Tsai said that even though he initially filed the complaint, his concern was not personal.

“According to the UCourt bylaws, any student in my place could have done the same thing if they believed the rules had been violated,” Tsai said during his opening statement. “I’d like to stress that the contest is not about me ... It is about the simple fact that the rules were broken, and if the rules are not enforced by the judicial bodies, then what exactly is the point in having them?”

Tsai believes that the obscurity of the campaign process is dangerous because of the lack of clarity for what qualifies as a violation to the regulations.

“First of all, there is nowhere in the bylaws that state that ignorance renders compliance. That claim is simply false,” Tsai said. “Secondly, if their argument is upheld by the court, it would mean that any group or individual can violate campaign bylaws so long as there is no evidence of collaboration with the candidate.”

The bulk of the discussion during the hearing hinged on the definition of the phrase “on behalf of” from the SA election bylaws subsection SA68G. When asked what ‘on behalf of’ meant to him, Tsai said that the phrase meant anything that benefits the candidate. 

“So if you are doing something on behalf of someone, you are helping them,” Tsai said.

Spencer Powers, Gabby’s campaign manager, said he disagreed with Tsai’s interpretation of the definition.

“I think the words ‘on behalf of’ are better interpreted, not as just doing something for the benefit of someone, but instead interpreted as working directly with, in collaboration, or as representative of officially,” Powers, a Brown College sophomore, said.

Powers referred to the Oxford dictionary definition to support his point during the hearing.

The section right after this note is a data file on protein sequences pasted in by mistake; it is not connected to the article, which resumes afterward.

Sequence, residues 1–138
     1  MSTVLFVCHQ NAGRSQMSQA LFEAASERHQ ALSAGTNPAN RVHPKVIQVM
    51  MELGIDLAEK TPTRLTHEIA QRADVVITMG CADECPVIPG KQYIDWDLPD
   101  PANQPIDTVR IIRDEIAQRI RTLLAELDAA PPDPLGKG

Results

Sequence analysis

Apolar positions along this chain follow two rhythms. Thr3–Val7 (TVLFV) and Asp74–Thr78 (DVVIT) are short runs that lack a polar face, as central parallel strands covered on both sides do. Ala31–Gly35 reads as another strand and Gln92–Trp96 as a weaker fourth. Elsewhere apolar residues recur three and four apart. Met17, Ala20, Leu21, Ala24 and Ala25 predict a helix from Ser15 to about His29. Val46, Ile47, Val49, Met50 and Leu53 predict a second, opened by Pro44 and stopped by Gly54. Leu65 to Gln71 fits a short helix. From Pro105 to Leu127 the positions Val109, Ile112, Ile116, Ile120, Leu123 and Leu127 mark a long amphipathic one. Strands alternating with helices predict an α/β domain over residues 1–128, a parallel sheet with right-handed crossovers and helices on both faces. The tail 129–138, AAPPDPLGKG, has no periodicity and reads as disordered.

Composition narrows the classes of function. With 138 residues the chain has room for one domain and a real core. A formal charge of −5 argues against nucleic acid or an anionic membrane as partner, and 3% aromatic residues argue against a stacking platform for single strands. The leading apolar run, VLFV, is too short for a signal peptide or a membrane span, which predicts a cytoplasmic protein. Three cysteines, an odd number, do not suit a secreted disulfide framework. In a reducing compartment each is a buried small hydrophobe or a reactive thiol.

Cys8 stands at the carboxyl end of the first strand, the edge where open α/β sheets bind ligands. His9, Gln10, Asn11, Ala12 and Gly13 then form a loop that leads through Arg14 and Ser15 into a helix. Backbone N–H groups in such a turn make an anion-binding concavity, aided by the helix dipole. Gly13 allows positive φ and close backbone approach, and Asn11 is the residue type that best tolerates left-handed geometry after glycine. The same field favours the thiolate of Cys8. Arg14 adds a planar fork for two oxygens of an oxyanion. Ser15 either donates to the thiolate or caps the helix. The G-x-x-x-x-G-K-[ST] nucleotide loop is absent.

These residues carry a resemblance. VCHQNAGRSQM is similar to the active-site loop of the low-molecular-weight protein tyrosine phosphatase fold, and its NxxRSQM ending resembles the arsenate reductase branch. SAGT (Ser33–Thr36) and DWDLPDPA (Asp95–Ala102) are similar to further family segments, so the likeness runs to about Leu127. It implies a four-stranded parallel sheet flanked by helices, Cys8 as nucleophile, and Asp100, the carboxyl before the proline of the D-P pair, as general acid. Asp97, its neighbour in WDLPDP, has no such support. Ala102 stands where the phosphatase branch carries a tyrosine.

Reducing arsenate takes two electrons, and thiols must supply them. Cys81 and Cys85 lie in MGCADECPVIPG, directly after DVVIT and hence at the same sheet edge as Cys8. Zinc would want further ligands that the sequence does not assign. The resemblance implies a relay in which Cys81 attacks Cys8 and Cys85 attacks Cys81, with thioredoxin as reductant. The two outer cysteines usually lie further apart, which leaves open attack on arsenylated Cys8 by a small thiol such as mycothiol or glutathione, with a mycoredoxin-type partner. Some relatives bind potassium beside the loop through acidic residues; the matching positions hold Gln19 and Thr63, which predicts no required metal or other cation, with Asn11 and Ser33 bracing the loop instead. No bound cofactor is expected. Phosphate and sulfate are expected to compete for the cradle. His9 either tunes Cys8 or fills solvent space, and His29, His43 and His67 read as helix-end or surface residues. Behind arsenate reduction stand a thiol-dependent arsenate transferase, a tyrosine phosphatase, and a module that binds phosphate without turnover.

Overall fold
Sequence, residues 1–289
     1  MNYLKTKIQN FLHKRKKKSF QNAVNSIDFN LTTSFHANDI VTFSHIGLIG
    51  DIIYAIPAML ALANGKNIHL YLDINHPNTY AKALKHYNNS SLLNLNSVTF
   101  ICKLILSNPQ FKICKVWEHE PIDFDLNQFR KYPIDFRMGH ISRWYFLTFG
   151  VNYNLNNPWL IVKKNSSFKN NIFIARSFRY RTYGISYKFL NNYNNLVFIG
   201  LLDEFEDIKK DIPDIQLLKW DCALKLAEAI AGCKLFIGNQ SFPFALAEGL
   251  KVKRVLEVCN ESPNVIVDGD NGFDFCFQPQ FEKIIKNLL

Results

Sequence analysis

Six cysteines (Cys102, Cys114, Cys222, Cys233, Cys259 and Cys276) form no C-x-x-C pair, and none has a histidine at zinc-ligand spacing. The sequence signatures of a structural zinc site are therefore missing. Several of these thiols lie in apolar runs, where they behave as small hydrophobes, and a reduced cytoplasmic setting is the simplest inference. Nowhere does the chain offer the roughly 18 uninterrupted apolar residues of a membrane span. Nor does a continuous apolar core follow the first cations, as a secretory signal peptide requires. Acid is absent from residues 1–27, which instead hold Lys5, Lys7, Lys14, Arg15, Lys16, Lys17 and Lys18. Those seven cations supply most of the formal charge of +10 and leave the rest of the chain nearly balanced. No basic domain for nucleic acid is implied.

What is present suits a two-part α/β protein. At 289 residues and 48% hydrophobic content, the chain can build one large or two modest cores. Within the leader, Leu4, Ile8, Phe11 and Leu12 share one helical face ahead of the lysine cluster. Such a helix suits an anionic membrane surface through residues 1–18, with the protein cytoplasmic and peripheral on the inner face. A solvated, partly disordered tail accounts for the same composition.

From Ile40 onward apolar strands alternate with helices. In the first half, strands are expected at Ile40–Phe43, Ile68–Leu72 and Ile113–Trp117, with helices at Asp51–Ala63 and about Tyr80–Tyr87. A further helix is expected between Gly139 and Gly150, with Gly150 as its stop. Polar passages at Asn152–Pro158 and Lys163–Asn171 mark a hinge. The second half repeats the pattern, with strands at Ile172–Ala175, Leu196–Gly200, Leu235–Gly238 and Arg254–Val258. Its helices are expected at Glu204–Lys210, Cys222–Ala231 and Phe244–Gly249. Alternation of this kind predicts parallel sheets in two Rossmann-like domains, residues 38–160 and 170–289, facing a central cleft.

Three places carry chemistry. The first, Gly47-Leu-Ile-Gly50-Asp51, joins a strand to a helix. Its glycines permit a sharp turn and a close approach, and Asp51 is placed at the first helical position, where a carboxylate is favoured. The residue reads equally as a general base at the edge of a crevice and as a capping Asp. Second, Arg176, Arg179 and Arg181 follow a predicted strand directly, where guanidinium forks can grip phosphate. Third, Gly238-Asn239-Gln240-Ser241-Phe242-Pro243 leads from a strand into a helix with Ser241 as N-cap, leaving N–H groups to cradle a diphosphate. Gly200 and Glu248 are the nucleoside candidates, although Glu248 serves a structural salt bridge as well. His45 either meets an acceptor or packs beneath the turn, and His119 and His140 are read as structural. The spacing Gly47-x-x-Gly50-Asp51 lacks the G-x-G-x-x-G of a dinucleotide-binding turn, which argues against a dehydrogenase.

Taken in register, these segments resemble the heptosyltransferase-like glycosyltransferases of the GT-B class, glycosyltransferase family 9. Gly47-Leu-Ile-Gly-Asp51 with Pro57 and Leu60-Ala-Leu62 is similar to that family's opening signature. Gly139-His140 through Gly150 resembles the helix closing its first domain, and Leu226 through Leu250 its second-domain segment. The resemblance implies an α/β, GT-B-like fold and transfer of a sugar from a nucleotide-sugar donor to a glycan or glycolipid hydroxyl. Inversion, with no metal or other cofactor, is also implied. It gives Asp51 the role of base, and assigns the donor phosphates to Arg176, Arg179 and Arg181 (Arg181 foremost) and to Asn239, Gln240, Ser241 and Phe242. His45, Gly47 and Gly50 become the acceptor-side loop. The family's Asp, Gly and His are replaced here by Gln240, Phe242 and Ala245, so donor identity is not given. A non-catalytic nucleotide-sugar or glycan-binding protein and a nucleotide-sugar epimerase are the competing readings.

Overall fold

“Oxford [dictionary] at least defines on behalf of as on the part of another, in the name of, as the agent or representative of,” Powers said. “Specifically it denotes official agency which means that this subsection would only apply to violations in which Gabby Franklin or the Gabby Franklin campaign team has messaged someone on Rice PRIDE’s Executive Board and told them ‘Hey we’d like this email to occur, please,’ which it didn’t happen.” 

During his witness testimony, Glickman said he defined the phrase as indicating somebody acting in place of someone with their implied consent, such as picking up a package on behalf of someone.

“If this was the intention of the regulation in question, as I believe it was, it is clear that applying it to this case would take it far beyond its intended reading,” Glickman said. “In fact, applying it to this case would set a precedent that would allow outside groups to mandate the disqualification or sanctioning candidates at will.”

Glickman said he assumed all responsibility for the actions that led to this hearing on Rice PRIDE’s behalf. 

“Rice PRIDE sincerely regrets taking action that kicked all of this off,” Glickman said during the hearing. “We had no idea about the relevant regulations. we will certainly not make this mistake again, that said, the mistake is our own.” 

Tsai said that by ruling that if the court ruled in favor of Franklin and Rice PRIDE Executive Board, he believed the court would effectively nullify the SA election bylaws. 

“In simple terms, any external group or individual could violate any of the rules if they claim that the candidate was not aware,” Tsai said. “This includes, but it is not limited to, rules on campaign expenditure, time period, and online presence.” 

Glickman said he believed that the court ruling in favor of Franklin would allow the court to provide the least harmful option. 

“I believe that by ruling in favor of Gabby, UCourt has an option here to interpret the regulation in a way that is internally consistent, avoids nonsensical implications, and in a way that would seem to correlate with what a reasonable author of this regulation would have intended,” Glickman said.